Runners, coaches, and other athletes are always looking for ways to prevent injury and become more efficient and economical while running. In this example, let’s consider our athlete is the weekend warrior with a 40 hour/week desk job or high school student-athlete. This person sits several hours a day, with maybe a 10-minute walking break every hour. Conventional wisdom is that this person will develop a lack of hip extension due to tight/stiff hip flexors. The hypothesis is that stiff hip flexors shortens stride length negatively impacting running economy, defined as steady-state oxygen consumption at a given running speed.
So does improving hip extension range of motion in individuals “lacking hip extension” improve running economy? According to the evidence, the answer is NO! Though a 20 year old article, this topic has been researched.1 Subjects were young, athletic male college students determined to have “less than normal hip extension” meaning they were unable to passively extend the thigh past 0 degrees. Subjects were divided into a THREE DAYS PER WEEK (yes that is all) hip flexor stretching group and a control group. On average, hip extension improved 9.8 degrees in those who stretched 3 days per week. Despite a statistically significant change in passive hip extension measured using the modified Thomas Test, improved running economy did not occur. The control group (those who did not stretch) actually showed greater improvement in running economy.
What does this mean practically? Improving hip extension through stretching anterior hip structures does not improve running performance at speeds associated with running at paces one could maintain for 10-20 minutes. Could it actually be counter-productive? From both injury and performance perspectives, YES! Consider that running at faster speeds requires sufficient anterior stiffness to withstand the forces generated by some of the strongest torque producers in the body; the gluteals and hamstrings. It has been speculated with good biomechanical evidence that excessive hip extension forces and joint angles are associated with injury to the anterior hip joint.2 Furthermore, improving your stride length is not primarily the result of greater hip joint extension range but rather more distance traveled during the float phase of running. This requires power, the perfect combination of force production and timing. A well-timed and stronger stretch-reflex in the hip flexors generates a more powerful hip flexion moment. Finding the optimal blend of stiffness and mobility at exactly the right time is what is important. Improving economy comes down to practicing a skill and improving timing of force production along with other metabolic processes.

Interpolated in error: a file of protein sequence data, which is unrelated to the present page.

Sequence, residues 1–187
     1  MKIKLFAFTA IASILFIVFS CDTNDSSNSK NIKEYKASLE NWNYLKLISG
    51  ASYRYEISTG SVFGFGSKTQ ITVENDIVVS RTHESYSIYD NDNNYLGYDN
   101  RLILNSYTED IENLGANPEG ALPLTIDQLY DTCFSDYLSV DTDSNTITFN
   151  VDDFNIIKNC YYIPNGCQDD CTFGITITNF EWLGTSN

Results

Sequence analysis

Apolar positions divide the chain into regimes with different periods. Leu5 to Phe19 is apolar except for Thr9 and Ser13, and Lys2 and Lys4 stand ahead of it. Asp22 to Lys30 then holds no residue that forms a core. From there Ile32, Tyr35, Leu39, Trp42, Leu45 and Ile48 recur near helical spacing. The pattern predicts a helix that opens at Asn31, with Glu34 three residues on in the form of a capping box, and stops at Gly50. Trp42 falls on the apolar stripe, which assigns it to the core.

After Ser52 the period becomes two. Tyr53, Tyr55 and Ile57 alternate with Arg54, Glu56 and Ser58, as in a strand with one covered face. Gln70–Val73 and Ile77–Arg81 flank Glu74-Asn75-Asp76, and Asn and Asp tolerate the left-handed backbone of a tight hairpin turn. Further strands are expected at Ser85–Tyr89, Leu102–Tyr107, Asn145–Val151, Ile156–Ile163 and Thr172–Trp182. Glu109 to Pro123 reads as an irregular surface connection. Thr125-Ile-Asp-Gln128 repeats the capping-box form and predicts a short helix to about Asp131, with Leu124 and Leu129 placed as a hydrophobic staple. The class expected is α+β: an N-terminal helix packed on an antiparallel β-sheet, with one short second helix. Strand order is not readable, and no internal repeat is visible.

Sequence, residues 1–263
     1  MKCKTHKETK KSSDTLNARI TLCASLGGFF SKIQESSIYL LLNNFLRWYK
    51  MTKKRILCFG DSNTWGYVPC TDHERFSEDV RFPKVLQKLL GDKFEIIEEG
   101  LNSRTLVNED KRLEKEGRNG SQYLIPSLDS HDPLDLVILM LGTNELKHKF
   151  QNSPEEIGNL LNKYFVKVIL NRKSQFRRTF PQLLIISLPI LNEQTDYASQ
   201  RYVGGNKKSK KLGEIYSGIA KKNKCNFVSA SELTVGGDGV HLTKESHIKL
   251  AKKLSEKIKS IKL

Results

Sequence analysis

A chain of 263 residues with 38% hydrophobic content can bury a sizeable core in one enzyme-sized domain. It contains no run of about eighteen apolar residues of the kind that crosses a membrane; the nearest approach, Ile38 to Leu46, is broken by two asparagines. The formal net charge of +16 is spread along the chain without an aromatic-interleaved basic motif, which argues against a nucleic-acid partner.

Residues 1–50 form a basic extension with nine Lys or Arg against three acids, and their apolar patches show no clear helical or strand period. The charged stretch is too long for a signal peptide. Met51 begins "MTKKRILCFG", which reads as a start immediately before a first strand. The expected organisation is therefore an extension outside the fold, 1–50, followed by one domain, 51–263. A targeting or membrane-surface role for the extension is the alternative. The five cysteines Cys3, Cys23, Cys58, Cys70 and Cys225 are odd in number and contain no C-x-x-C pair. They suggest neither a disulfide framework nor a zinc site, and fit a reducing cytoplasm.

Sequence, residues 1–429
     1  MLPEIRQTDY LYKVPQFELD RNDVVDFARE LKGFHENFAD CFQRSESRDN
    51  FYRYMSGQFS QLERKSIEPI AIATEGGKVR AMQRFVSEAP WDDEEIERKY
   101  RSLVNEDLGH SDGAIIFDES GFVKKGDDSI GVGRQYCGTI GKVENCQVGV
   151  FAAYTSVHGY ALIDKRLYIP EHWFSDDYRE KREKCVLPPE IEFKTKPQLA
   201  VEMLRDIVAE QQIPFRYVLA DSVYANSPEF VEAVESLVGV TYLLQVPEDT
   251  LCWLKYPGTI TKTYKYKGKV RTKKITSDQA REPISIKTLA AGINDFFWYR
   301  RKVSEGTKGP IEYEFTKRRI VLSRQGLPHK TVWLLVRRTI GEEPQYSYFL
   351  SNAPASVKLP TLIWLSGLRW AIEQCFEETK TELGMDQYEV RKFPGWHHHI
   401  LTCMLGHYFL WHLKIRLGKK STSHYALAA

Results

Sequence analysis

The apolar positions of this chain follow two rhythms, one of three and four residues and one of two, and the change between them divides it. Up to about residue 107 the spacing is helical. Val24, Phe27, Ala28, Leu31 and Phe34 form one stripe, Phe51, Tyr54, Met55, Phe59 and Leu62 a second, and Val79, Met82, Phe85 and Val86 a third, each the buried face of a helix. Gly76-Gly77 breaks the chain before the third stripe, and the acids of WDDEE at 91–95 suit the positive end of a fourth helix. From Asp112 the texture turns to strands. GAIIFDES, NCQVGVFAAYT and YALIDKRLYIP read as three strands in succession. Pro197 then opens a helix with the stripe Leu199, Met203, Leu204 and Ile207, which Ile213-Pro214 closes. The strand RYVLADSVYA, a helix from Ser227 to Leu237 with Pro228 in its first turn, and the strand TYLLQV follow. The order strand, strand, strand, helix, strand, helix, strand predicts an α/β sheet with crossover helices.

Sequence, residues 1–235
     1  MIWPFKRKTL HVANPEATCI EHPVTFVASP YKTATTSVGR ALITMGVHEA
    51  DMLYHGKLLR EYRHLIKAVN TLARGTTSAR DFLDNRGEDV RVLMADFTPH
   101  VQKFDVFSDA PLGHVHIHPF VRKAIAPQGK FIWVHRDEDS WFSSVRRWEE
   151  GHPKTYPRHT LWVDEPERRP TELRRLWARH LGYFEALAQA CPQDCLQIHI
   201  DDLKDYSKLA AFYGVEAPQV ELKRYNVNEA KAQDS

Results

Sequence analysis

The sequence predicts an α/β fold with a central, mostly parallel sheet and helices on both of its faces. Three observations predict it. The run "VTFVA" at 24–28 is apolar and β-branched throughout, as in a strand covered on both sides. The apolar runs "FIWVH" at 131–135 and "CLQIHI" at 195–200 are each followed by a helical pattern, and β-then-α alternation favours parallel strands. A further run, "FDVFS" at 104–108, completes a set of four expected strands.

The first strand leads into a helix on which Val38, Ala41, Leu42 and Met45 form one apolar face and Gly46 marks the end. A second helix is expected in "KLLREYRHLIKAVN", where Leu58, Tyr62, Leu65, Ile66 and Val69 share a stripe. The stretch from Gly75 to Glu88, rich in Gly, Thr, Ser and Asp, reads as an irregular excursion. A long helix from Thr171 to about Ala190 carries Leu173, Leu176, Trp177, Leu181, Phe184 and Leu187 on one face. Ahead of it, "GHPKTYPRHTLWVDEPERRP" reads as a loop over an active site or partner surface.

How does this affect you? First, understand the goal of your flexibility exercises. If you are stretching because of hip pain, back off stretching and get assessed by your physical therapist. Stretching could be counterproductive even if you get short-term relief of pain. Are you certain you have limited hip extension? Don’t assume that working at your desk creates short and stiff hip flexors. Videotape yourself from a side view running at fast and slow speeds when you are not fatigued. Do you lose your “neutral pelvis” position. Even if you notice that your low back is arched and your pelvis is anteriorly tilted, do not assume you have stiff hip flexors. This often is a coordination issue that can be addressed through specific trunk and pelvic girdle movement awareness.
Related Blog Posts:
- Godges JJ, McRae PG, Engelke KA. Effects of exercise on hip range of motion, trunk muscle performance, and gait economy. Phys Ther. 1993; 73:468-477.
- Lewis CL, Sahrmann SA, Moran DW. Effect of hip angle on anterior hip joint force during gait. Gait and Posture. 2010; 32:603-607.